I received a request from a professor who uses Eloquent Science in the classroom. He wanted the figures from Chapter 11: Figures and Tables, so that he could adapt them into his own presentations. In response to that request, here they are, in a single PowerPoint file: Eloquent Science: Figures from Chapter 11
An oldie, but goodie. Here is an interview (Junkcast) I did for the University of Manchester Junk the Jargon competition. I talk about my own experiences good and bad with public engagement, tips for connecting with the audience, and the origins of Eloquent Science.
Peter Roget, who wrote Roget’s Thesaurus, came from a family of mental instability: “His grandmother was mentally unstable, his mother was nearly psychotic and his sister and daughter had suffered severe mental breakdowns (Cracked.com, 2012)” But, he loved to make lists. After 12 years of making lists of all words and their relationship to each […]
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I just finished reading a great new book on career guidance for graduate students by Prof. Sundar Christopher: Navigating Graduate School and Beyond: A Career Guide for Graduate Students and a Must Read for Every Advisor. Written by the Chair of the Department of Atmospheric Science at the University of Alabama in Huntsville, this book […]
The AAAS hosted a workshop sponsored by the National Science Foundation to address the issue of scientists expressing their opinions to influence an action, such as a political process. The results of this workshop can be downloaded from this web page. The bottom line is the Code of Conduct for Advocacy in Science by Nicholas […]
JISC Collections funded a study to examine the values of libraries to UK academics. The result “UK Scholarly Reading and the Value of Library Resources: Summary Results of the Study Conducted Spring 2011″ has been published. Here is a link to the PDF. From p. 8, “Of the 448 hours per year spent on scholarly […]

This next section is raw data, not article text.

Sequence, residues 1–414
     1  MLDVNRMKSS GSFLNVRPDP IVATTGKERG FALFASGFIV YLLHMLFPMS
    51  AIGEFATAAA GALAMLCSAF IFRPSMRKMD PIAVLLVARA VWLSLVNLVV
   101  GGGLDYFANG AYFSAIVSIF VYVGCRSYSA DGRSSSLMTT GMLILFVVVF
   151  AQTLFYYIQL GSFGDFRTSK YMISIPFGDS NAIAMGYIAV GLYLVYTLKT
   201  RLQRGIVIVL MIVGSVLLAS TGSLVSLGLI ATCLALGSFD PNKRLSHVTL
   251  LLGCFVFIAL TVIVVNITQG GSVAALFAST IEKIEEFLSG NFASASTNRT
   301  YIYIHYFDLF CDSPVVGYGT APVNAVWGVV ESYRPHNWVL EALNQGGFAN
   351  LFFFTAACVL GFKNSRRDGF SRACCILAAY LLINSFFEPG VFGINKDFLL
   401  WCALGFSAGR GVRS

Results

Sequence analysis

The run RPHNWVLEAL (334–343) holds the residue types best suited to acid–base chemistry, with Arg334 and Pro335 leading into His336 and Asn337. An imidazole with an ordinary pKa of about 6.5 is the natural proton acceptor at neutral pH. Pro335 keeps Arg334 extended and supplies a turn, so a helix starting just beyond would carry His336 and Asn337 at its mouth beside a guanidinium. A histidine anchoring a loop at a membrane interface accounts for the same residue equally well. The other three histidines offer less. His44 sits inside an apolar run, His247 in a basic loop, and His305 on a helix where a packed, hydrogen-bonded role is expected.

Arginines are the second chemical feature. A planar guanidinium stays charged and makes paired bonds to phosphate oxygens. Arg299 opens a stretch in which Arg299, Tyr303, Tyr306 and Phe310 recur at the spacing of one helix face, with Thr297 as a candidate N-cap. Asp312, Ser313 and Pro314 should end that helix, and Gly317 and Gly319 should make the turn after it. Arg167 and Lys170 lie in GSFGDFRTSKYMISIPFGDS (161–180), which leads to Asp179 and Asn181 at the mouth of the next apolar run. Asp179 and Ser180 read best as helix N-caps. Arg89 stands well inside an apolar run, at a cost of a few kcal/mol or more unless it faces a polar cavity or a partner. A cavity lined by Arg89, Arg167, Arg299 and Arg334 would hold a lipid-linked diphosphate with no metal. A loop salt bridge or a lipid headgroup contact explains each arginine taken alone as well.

Does it make sense to talk about air with high values of potential temperature or equivalent potential temperature as warm or cold? I don’t think so, so I recommend talking about “air with higher or lower potential temperature” instead. Although it is wordier than warm or cold, the meaning is precise.
I have these nifty Eloquent Science 4-GB flashdrives for sale. They cost £10/€15/$15 if you see me in person, or add £3/€5/$6 for postage. The drive comes preloaded with lots of great resources: • Excerpts and outtakes from Eloquent Science • 21 direct links to online resources • 61 articles specifically designed to help develop […]
Upon packing up my house in Oklahoma, I discovered a small stash of Skew T–logp thermodynamic diagrams that I had saved when Charlie Crisp cleaned out his office at NSSL. (I also have a huge stash of blank U.S. surface maps, in case anyone is interested in them.) Geraint Vaughan at Manchester had been lamenting […]